Six Basic Editing Goofs To Avoid
Of 50 websites analyzed for my 8th annual B2B e-news study, many allow common goofs to get through. None of the sites I reviewed attained the target score of 80 (out of 100). And only five managed to surpass a score of 60. The performance of these sites could have been much improved by avoiding the following six basic editorial goofs:
- Forgetting about readability. Of the 500 articles, 192 burdened readers with long, wordy sentences. A refresher course in Fog Index principles would help.
- Using labels for captions. In captioning head shots, many editors simply use identification labels rather than using the opportunity for story telling. Instead of settling for someone’s name as a caption, provide instructive detail about the person pictured.
- Relying on the same pool of sources for all your stories. Overloaded with story assignments, besieged editors often resort to “old friends” for comments. As a result, all articles posted share many of the same overused sources.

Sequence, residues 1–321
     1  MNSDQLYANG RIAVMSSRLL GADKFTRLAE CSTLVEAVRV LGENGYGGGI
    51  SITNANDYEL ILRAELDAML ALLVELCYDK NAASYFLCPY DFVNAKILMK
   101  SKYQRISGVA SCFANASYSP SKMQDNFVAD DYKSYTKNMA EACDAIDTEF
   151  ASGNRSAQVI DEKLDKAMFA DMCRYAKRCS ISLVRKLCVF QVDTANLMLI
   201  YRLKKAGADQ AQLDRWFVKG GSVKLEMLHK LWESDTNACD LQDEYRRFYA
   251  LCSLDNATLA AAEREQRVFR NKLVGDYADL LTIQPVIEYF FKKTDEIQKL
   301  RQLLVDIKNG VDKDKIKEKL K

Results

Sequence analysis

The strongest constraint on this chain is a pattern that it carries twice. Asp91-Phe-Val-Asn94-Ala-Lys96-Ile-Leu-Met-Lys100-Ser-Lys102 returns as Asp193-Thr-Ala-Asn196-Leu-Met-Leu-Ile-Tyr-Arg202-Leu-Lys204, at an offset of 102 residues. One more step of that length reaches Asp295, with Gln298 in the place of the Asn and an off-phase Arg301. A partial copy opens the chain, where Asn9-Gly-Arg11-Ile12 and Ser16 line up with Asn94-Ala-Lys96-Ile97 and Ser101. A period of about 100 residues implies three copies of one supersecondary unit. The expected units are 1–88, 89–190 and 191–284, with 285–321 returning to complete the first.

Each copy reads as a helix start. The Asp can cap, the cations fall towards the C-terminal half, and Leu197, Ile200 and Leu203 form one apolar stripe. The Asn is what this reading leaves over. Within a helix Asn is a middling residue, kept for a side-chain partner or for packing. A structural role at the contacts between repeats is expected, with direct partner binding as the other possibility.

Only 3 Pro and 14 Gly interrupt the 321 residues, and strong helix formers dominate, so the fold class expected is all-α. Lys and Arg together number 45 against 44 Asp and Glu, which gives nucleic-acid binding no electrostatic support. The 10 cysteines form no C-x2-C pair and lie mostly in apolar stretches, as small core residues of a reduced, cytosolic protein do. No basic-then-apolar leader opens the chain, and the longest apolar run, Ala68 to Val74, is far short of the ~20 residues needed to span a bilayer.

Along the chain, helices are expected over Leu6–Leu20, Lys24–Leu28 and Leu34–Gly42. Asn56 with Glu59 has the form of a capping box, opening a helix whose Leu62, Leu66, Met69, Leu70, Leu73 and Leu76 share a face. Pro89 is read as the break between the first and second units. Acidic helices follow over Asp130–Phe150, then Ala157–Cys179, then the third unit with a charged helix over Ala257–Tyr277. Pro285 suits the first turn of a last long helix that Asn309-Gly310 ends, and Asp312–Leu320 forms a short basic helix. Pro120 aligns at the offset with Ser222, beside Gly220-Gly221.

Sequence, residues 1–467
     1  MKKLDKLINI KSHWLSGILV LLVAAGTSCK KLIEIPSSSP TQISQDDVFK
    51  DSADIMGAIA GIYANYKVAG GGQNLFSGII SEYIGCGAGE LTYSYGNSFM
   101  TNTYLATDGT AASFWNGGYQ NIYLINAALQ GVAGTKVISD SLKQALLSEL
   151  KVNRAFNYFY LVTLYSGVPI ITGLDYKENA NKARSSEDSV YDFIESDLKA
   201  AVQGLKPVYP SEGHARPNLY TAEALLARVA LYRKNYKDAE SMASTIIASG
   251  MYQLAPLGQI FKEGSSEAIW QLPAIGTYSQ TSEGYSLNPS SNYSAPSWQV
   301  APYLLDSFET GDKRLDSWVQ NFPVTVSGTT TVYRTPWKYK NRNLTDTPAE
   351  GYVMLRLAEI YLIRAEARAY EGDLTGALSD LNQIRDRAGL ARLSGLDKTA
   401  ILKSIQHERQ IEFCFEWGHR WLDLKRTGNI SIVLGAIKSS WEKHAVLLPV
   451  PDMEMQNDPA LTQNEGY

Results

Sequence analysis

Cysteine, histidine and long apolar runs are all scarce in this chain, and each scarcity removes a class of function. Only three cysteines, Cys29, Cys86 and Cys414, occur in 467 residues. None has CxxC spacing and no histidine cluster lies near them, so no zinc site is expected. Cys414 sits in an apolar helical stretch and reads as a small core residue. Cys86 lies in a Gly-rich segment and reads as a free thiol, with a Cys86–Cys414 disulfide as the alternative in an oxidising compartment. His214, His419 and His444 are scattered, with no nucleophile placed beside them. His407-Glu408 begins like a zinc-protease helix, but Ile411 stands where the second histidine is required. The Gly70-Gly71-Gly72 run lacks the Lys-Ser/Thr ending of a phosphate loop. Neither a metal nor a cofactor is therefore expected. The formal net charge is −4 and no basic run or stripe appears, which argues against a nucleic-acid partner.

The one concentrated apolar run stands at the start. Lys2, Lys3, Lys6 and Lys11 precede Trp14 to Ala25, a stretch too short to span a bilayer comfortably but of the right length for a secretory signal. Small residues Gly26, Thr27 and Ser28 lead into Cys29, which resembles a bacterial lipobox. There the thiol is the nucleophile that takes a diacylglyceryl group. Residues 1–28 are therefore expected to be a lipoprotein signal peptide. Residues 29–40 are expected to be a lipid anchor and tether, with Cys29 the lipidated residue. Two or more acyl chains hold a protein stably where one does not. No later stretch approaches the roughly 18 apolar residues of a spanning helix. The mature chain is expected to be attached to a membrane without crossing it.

- Omitting the news angle in personnel announcements. Most stories about new hires, promotions, and the like should be rewritten to reflect less personal background and more newsworthy value.
- Simply rewriting press releases. In many cases, extra digging can unearth superior information unavailable elsewhere.
- Writing the same stories as everyone else. Instead, aim for at least some stories based on your own original reporting. Of the sites I reviewed, only four reflected evidence of exceptional Enterprise Reporting Prominence (ERP).
As my e-news study shows, the huge majority of sites fall prey to these editorial shortcomings. That’s probably true for your e-news as well. If so, here’s the upside: by putting in a little extra effort to avoid these goofs, you can gain a substantial edge over your competition.
For more information about the results of the 8th Annual E-News Study, contact me at firstname.lastname@example.org.